Sexual Harassment, Tattoos, and Capitalism


I’m a 28-year-old woman who has been a registered Libertarian since I was registered to vote.  I worked in social services for four miserable years–and I still have people tell me that it’s not the fault of government intervention that poverty perpetuates itself–but that’s another article for another time.  This is an article about capitalism.

Unfortunately for me, I have the look of someone who frequents Tumblr.  I’m heavily tattooed, overweight (though I can still fit through doorways, go me), and wear big dorky glasses.  I look like a woman who might own a “Down With the Patriarchy” t-shirt and use the word “privilege” unironically.  I’m also married (four years!) and believe in monogamy.  The truth is, I don’t give two shits how people perceive me, but a recent incident has made me reflect on my gender and how it effects how I move through life.

I am in the middle of getting a half-sleeve tattoo done.  I’m working with a new artist, a fairly young fellow who expressed a lot of interest in the project.  Because I have to have the piece completed over a few sessions, we message each other over Facebook when changes need to be made.

Thing is, in addition to drawing political comics, I also draw erotic art.  When my tattoo artist realized this, he must have gotten the wrong impression and propositioned me sexually, even going so far as to ask what I would do to “make it up to him” when I wouldn’t immediately go to where he was and do–whatever.

“I’m married,” I told him.

A few hours later (when he had sobered up), he apologized and recognized how unprofessional his behavior was.  He was very afraid of having offended me, but he really should have been concerned by how much he disappointed and frustrated me.  One puts a certain amount of trust in a tattoo artist.  After all, they are putting a permanent mark on you that is (or should be) distinctly theirs.  This puts me in a difficult spot.  Most tattoo artists are reluctant to finish another artist’s work, and obviously, I have reservations about continuing to work with this artist.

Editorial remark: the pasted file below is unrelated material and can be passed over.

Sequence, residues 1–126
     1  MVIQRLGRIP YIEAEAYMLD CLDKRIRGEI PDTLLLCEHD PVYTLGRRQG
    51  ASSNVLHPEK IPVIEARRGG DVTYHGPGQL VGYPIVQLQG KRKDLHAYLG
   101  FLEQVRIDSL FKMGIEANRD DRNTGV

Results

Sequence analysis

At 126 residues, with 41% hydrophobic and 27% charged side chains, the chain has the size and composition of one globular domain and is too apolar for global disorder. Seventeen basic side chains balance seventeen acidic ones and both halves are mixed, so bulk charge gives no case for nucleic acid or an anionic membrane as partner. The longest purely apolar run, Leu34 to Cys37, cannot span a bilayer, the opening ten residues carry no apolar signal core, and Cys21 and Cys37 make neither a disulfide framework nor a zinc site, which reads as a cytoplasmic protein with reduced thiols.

I imagine a lot of liberal women, and especially third wave feminists would be morally outraged.  What, he thinks because I draw dicks and have tattoos I’d be up for anything?  But the only thought that I had was, “Damn, I’m gonna have to do a lot of awkward legwork to fix this.”

In a world where the courts can force small businesses to make cakes for gay weddings, I have a lot of power as a so-called “victim” of sexual harassment.  I can ruin this guy’s career with a single complaint, and hell, some would even say I’m entitled to some free ink, right?  (From someone else, of course.)

Fuck that.  Did this guy do something so terrible that I should do that to him?  I don’t think so, but I can choose to spend my money with another artist, if I can find one who will take me.  If I have to explain why I’m switching artists, I will be discrete and not name any names.  You see, I believe losing the money it would cost to do a half-sleeve on somebody as well as the loss of the opportunity to add to your portfolio is damaging enough for a young artist.

Money talks more than any yelp review or bitchy Tumblr post.  And being a woman who experienced an unwanted sexual advance entitles me to exactly nothing.

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"I once shot a man just to watch him die. Then I looked away, and missed it."